Dan Stoll ran in the first heat in the same event and nipped his only opponent at the wire. He was not satisfied with his performance, suggesting to me that he had left a little out there. Nevertheless, he was the meet winner in a time of 50.62! He would add a third in the 200 meters.

His win in the 400 was not unexpected. Dan has qualified for nationals in the past in this event.

Noah Paris seems to be the quietest of the four. Quiet perhaps, but not slow. He had a photo finish in his heat of the 200, placing 10th overall. I love his stride and he seems all business on the track.

Then there is Tomea! Sometimes you hear of an athlete who would run through a wall to win a race. Tomea certainly qualifies on that count. One day last week, I was walking when I heard the crash. By the time I got to the scene of the crime, she was laying on the floor. Fortunately, she was not hurt, but was laughing uncontrollably.

When I caught up with her later, I asked what happened. She had this reply while chuckling: “My feet stopped, but the rest of me didn’t!”

Tomea came from behind to win her heat in the 400, but seemed to come up a little lame at the finish. Again, I queried her about it. She has had ankle issues and said that when her foot comes down in the wrong spot, it hurts.

Yet, she is there for every practice — again very early in the morning!

Such was the case this past Monday, as all four sprinters were again at the YMCA early. Well, all but one of them. Dan Stoll was notably absent and when I asked Allison about his absence, she said he was up late the previous night studying for exams.

For some reason the “one hand” thing came into my head again!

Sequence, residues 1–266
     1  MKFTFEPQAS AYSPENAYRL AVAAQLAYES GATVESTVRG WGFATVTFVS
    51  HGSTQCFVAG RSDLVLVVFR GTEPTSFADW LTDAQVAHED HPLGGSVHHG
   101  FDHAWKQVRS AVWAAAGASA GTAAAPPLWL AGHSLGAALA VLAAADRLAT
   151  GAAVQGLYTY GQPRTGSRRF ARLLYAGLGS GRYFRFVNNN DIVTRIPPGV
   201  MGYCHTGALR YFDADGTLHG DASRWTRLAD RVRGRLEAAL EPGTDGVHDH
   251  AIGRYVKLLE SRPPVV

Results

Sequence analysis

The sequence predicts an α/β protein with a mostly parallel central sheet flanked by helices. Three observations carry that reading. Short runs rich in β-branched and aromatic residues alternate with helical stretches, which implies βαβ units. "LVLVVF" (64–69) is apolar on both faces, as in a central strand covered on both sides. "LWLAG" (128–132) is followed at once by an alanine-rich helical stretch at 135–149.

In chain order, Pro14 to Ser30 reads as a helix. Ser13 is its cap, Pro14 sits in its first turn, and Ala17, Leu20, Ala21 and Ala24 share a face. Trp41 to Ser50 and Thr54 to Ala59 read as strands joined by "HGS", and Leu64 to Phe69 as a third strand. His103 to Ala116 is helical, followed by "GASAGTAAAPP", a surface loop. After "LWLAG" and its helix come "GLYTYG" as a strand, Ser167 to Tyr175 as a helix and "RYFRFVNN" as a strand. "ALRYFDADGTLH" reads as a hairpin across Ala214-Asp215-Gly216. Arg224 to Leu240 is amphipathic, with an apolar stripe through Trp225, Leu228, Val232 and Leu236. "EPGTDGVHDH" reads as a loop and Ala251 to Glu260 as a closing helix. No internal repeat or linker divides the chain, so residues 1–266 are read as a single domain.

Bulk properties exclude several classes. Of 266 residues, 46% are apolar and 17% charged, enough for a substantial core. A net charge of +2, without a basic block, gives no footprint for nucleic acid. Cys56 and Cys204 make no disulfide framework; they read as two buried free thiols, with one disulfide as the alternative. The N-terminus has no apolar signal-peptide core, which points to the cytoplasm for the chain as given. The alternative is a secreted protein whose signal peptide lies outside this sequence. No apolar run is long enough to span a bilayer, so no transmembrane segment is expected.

As for the hat I wore at the meet… I call it my Jack*** Hat. My daughter gave it to me. A student from the University of Central Missouri did an internship with the minor league team she works for and his dad dropped off several of the caps for members of the front office. She thought I might like one.

For those of you who don’t know, UCM are the Mules. Well, at least the men’s teams are. The women are known as the Jennies! I wore the hat because the black cap with the red mule logo matched my Heidelberg sweatshirt. Little did I know that a UCM athlete was participating in the meet!

Callie Ruffener, a graduate of Colonel Crawford, is a pole vaulter for Central Missouri. Since she was home for Christmas break, she asked her coaches if she could take part. With their blessing, she did just that. I wish I could have caught up with her to see how surprised she would have been to see my hat.

One thing about the Heminger Center that differed from my days in college was the stopping point for the 60-meter races. Several large mats are placed on the wall at the end of the straightaway so runners can bounce off them instead of the wall itself.

In the Hiram College Fieldhouse a large door was opened when the short sprints were run, which meant the runners finished outdoors in the snow and cold. Hiram had to be the only venue in the country where the sprinters came back to the finish line nearly as fast as they sped past it in the first place!

All in all, it was a fun day. My Heidelberg kids did just fine and I got to see some outstanding performances.

I’d like to wish all local indoor track athletes success as the season picks up in earnest after the holidays.

Let’s see now, the nationals are in Birmingham, Alabama in March. I’ll have to check my schedule…

Al Stephenson is a sports columnist for The Advertiser-Tribune.